Single-unit semicircular canal afferent responses were recorded from the LC branch of the 8th cranial nerve while providing pulsed IR to the sensory epithelium and/or mechanical stimulation of the membranous duct as illustrated in Fig. 1. Afferents (n= 60) were divided into three groups based on their responses to tonic IR stimulation: excitatory ‘on’ responses (Fig. 2A, n= 18), inhibitory ‘off’ responses (Fig. 2B, n= 35) and mixed responses (Fig. 2C, n= 7). For the excitatory example (Fig. 2A) the radiation energy was 228 μJ pulse−1 at a pulse rate of 50 pulses per second (pps). The afferent discharge rate increased with a time constant of τe≈ 3.3 s during the IR stimulus and recovered to the pre-stimulus rate after stimulation following a time course of τer≈ 3.9 s (summary, Fig. 3). For the inhibitory example (Fig. 2B), the IR energy was 358 μJ pulse−1 at 100 pps. The discharge rate decreased with a time constant of τi≈ 3.4 s during the IR stimulation and recovered to the pre-stimulus level with τir≈ 1.4 s. Whether a unit was inhibited or excited with IR did not change as a function of pulse rate. Two examples showing ‘mixed’ responses are provided in Fig. 2C. Mixed responses could be described as an inhibitory response followed by a relatively slow excitatory response. In 71% of the mixed responses, excitation exceeded inhibition, and the afferent discharge rate exceeded its pre-stimulus level during tonic IR stimulation. The IR dose–response relationship was tested in several units and was approximately linear. One example inhibitory response is shown in Fig. 2D (same afferent unit as shown in Fig. 2B). In this case, the response changed in a sigmoidal fashion with the radiation energy, while at energies higher than 858 μJ the IR stimulation resulted in near complete inhibition of the afferent response (Fig. 2D and E).

Figure 2.

Sample records showing three types of responses to IR
A, excitatory ‘on’ (n= 18), B, inhibitory ‘off’ (n= 35), and C, mixed inhibitory-excitatory (n= 7). Exponential fits (red lines) illustrate the time course of afferent responses. A, an excitatory afferent, increased its firing rate from 63 spikes s−1 to 124 spikes s−1 in response to IR (50 pps, 228 μJ) with an onset time constant τe≈ 3.28 s and recovered to pre-stimulus rate with time constant τer≈ 3.9 s. B, inhibitory afferent, reduced its firing rate from 82 to 8 spikes s−1 in the presence of IR (100 pps, 358 μJ); onset time constant τi≈ 3.44 s and recovery time constant τir∼ 1.37 s. C, mixed afferents, initial inhibition followed by excitation. In a subset of afferents excitation eventually exceeded inhibition leading to an increased discharge rate near the end of the stimulus (e.g. black, associated time constants were τmi≈ 0.29 s, τme≈ 3.7 s and τmr≈ 3.49 s), while in other afferents inhibition dominated during IR but excitation dominated during the recovery period (e.g. green). D and E, example graded dose–response relationship from 122 to 1107 μJ pulse−1 at 100 pps. The change in firing rate (i.e. the difference between the afferent's background firing rate and the firing rate with IR stimulation) with IR radiant energy per pulse is shown in E. For this afferent, the IR-induced change in firing rate occurred in a sigmoidal fashion with radiant energy (red curve).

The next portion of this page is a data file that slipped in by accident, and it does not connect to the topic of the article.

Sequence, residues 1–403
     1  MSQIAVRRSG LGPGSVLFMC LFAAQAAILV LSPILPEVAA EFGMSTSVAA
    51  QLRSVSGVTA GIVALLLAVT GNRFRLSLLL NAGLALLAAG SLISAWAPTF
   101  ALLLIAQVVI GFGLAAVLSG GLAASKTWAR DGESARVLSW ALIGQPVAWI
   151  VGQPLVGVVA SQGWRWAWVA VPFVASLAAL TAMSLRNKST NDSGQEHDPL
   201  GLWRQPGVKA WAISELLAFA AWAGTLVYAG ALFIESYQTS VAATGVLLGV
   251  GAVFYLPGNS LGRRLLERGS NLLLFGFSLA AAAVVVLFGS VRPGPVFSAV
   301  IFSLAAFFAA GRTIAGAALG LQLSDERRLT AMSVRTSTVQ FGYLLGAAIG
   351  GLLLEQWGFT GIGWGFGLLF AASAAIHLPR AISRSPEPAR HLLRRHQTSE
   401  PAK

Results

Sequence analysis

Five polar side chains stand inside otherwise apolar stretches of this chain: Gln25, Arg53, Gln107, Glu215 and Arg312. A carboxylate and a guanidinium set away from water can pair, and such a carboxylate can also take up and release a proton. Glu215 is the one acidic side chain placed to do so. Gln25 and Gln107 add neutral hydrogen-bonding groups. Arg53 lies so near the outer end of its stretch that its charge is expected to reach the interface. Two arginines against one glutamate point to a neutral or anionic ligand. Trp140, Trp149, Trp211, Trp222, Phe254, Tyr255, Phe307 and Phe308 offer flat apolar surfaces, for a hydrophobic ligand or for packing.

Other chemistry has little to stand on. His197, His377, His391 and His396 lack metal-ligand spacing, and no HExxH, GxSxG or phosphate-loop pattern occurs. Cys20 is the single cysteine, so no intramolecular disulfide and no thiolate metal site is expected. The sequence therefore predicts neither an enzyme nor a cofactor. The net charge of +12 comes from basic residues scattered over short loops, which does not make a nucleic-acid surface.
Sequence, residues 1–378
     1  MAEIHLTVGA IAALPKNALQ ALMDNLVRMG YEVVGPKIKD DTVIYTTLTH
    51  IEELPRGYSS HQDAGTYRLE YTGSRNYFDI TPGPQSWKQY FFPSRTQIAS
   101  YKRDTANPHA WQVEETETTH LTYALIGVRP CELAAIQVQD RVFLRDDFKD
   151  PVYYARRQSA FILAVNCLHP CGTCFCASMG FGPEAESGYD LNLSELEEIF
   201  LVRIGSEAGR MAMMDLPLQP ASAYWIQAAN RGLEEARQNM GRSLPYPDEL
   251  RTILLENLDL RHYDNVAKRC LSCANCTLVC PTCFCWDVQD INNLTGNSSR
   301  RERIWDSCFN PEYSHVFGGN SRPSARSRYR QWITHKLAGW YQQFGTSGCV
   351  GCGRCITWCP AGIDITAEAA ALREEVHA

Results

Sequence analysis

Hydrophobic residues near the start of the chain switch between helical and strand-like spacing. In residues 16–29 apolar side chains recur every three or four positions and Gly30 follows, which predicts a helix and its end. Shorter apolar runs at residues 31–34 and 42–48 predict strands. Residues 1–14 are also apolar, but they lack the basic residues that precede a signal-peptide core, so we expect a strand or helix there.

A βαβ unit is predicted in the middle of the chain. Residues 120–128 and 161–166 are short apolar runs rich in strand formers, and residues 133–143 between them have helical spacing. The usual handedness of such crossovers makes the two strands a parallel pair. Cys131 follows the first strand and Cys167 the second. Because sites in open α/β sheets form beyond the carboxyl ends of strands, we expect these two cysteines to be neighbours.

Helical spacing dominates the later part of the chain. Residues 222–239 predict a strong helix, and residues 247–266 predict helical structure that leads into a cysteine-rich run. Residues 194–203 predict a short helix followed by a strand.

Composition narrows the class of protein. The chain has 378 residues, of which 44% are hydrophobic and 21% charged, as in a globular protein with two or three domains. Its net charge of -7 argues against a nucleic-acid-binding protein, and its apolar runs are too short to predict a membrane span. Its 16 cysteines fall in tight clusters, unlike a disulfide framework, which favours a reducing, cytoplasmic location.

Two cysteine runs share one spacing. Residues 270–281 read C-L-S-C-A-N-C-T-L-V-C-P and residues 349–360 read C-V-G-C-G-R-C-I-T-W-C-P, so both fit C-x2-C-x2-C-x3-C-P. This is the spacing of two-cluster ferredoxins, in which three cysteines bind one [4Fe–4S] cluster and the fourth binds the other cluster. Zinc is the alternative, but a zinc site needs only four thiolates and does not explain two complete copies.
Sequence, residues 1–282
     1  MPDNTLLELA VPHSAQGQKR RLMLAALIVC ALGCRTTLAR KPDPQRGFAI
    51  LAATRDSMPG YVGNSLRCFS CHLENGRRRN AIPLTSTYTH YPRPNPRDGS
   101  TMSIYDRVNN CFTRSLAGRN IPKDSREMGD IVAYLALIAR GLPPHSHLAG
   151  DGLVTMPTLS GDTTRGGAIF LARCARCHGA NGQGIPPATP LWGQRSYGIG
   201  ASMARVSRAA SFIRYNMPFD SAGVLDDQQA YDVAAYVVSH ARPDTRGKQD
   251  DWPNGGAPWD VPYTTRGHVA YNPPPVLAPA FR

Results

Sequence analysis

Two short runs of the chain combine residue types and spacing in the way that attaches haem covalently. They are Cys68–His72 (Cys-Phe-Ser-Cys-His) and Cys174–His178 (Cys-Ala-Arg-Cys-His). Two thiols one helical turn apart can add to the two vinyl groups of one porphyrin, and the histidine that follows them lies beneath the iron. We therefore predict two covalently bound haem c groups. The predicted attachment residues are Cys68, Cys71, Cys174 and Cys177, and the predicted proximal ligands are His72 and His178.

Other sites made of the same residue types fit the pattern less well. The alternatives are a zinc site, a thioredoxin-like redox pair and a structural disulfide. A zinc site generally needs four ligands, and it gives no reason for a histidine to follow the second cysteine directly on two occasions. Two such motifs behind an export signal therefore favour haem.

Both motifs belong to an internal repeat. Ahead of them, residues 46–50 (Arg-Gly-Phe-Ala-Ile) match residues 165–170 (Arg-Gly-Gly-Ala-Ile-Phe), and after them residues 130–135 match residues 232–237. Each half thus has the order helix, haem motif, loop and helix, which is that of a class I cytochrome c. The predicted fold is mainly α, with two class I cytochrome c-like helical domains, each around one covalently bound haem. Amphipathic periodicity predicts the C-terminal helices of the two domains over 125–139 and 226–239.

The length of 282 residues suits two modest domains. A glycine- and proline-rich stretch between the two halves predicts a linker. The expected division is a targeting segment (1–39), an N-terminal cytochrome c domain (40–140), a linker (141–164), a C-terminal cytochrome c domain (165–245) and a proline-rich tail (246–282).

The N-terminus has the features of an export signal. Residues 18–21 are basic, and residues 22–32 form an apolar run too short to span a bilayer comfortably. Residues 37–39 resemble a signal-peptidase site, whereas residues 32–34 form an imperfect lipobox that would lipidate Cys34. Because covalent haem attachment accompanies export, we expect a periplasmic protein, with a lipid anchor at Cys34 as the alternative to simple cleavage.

Figure 3.

IR evoked change in afferent discharge rate, discharge regularity and time constants
A, afferent discharge rate in the control condition (filled) and the change in discharge evoked by tonic IR (Δ, hatched, difference between control and IR conditions) for excitatory (left column), inhibitory (centre column), and mixed units (right column). Error bars show inter-afferent standard deviation and reflect the endogenous diversity within the afferent population. B, regularity of afferent discharge rate (measured by the coefficient of variation, CV) in the control condition (filled) and the change in CV evoked by tonic IR (Δ, hatched, difference between control and IR conditions). C, exponential time constants measuring changes in afferent discharge at the onset of tonic IR, and recovery to the control condition after IR. Statistically significant differences between groups with P < 0.05 are indicated by * while statistically significant difference from zero for the changes evoked by IR (P < 0.05) are indicated by Δ*.